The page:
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Main literary findings on autogenous and xenogenous grafting: A review

Daiane Balero Galindo

University Center North Paulista (Unorp) - São José do Rio Preto – SP, Brazil

Daniel Nunes Spezamiglio

University Center North Paulista (Unorp) - São José do Rio Preto – SP, Brazil

Taylane Soffener Berlanga de Araújo

University Center North Paulista (Unorp) - São José do Rio Preto – SP, Brazil

Patrícia Garani Fernandes

University Center North Paulista (Unorp) - São José do Rio Preto – SP, Brazil

Post Graduate and Continuing Education (Unipos), Street Ipiranga, 3460, São José do Rio Preto SP, Brazil 15020-040

Leandro Moreira Tempest

University Center North Paulista (Unorp) - São José do Rio Preto – SP, Brazil

Post Graduate and Continuing Education (Unipos), Street Ipiranga, 3460, São José do Rio Preto SP, Brazil 15020-040

Idiberto José Zotarelli Filho

Post Graduate and Continuing Education (Unipos), Street Ipiranga, 3460, São José do Rio Preto SP, Brazil 15020-040

Marcelo Augusto Rudnik Gomes

University Center North Paulista (Unorp) - São José do Rio Preto – SP, Brazil

Post Graduate and Continuing Education (Unipos), Street Ipiranga, 3460, São José do Rio Preto SP, Brazil 15020-040

DOI: 10.15761/DOCR.1000246

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Abstract

After tooth extractions the alveolar bone reabsorbs due to the lack of mechanical loading of the mastication. Such reabsorption hinders the rehabilitation of edentulous patients due to possible non-adaptation of the prosthesis and lack of height for implants, causing various health damages. To minimize reabsorption grafts can be used at the time of extraction, in the alveolus. These grafts may be autogenous, mainly removed from the patient's mental region, or alogens, extracted from the devitalized bovine bone matrix. The objective of this literature review is to show the advantages and disadvantages of each type of graft.

Key words

 dental implant, bone graft, autogenous graft and xenogenics graft

Introduction

According to the literature one of the tissues that most remodels is the bone tissue. This tissue, specialized, vascularized and dynamic connective tissue, changes throughout the individual's life [1,2]. One of the most common traumas, ie, dental extraction results in loss of alveolar bone due to atrophy of the edentulous ridge [2,3]. In many circumstances, this is a limiting factor to the rehabilitation with dental implants, due to the insufficient bone volume for its execution, and the use of grafts may be indicated.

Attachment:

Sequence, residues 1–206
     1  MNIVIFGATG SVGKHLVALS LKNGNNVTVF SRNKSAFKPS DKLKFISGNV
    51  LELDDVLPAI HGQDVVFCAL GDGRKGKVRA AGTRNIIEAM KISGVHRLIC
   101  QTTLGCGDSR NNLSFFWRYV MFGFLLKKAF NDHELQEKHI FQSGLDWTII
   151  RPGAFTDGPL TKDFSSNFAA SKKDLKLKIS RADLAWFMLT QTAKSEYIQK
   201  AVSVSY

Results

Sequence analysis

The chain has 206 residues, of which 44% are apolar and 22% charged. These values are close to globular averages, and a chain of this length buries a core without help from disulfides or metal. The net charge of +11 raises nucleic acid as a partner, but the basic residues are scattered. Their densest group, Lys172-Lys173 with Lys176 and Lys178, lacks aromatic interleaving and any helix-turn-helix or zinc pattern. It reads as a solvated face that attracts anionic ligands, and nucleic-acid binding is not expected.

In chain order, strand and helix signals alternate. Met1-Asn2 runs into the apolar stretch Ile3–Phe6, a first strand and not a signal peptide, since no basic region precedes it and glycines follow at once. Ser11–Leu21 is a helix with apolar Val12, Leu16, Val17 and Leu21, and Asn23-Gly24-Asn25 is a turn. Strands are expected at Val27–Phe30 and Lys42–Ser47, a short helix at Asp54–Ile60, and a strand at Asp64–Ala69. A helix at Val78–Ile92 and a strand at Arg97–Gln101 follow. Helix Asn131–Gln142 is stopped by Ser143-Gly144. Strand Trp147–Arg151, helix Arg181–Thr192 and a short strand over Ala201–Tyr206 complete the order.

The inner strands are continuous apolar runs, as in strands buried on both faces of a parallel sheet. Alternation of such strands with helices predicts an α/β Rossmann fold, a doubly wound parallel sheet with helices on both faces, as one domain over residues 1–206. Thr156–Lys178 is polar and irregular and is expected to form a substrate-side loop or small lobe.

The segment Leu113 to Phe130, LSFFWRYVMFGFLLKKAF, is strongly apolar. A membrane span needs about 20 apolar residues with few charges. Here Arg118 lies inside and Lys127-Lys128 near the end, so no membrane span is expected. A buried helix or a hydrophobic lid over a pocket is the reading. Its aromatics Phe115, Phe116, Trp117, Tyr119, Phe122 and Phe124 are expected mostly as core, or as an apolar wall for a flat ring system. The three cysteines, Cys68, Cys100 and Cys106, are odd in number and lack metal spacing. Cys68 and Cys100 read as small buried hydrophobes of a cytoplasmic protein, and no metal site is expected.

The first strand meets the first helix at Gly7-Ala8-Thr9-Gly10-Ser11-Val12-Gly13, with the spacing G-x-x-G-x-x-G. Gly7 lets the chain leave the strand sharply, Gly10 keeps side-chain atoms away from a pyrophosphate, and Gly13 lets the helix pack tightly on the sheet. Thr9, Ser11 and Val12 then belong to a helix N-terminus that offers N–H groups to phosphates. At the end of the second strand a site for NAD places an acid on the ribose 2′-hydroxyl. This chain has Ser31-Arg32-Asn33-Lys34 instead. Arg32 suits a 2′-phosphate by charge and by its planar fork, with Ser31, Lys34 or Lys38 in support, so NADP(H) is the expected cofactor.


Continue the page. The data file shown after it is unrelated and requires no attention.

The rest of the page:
In the area of ​​buccomaxillofacial surgery and traumatology, bone is the most commonly required tissue in prosthetic surgeries, in the treatment of congenital defects and dentofacial deformities [3,4]. Although autogenous bone grafts are widely accepted as a standard for the treatment of bone defects, homogenous and heterogenous implants, and synthetic bone substitutes have been widely studied as an alternative to grafts [5,6].

Patients are becoming more and more demanding regarding dental treatments. Treatment as the total prosthesis are no longer accepted [7]. The scientific and technological advances that implantology is currently undergoing have been responsible for improving the quality of life of total or partial edentulous patients. However, some patients, this treatment becomes impracticable, because they do not possess sufficient alveolar bone. For this reason, several studies involving autogenous bone grafts and biomaterials have been developed [8].

The autogenous graft is still considered the best graft for the alveolar bone defects and can be removed from the intraoral regions. The choice of donor area depends on the preference of the dental surgeon, size of defect to be filled and morbidity associated with the surgical procedure. The most used sites with donors are: Mento, Tuber da Maxila and Retromolar [9]. When the autogenous graft is not enough or the patient is resistant in accepting two surgical stores, the biomaterials are excellent options.

The present work had as objective to survey the main literary findings on autogenous and xenogene grafts.

Methods